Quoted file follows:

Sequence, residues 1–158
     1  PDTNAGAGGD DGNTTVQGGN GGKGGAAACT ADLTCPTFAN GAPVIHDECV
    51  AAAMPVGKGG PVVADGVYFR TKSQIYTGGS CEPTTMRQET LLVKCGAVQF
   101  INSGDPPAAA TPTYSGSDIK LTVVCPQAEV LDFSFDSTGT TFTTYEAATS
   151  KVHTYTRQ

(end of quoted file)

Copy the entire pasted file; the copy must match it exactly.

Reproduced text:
Sequence, residues 1–158
     1  PDTNAGAGGD DGNTTVQGGN GGKGGAAACT ADLTCPTFAN GAPVIHDECV
    51  AAAMPVGKGG PVVADGVYFR TKSQIYTGGS CEPTTMRQET LLVKCGAVQF
   101  INSGDPPAAA TPTYSGSDIK LTVVCPQAEV LDFSFDSTGT TFTTYEAATS
   151  KVHTYTRQ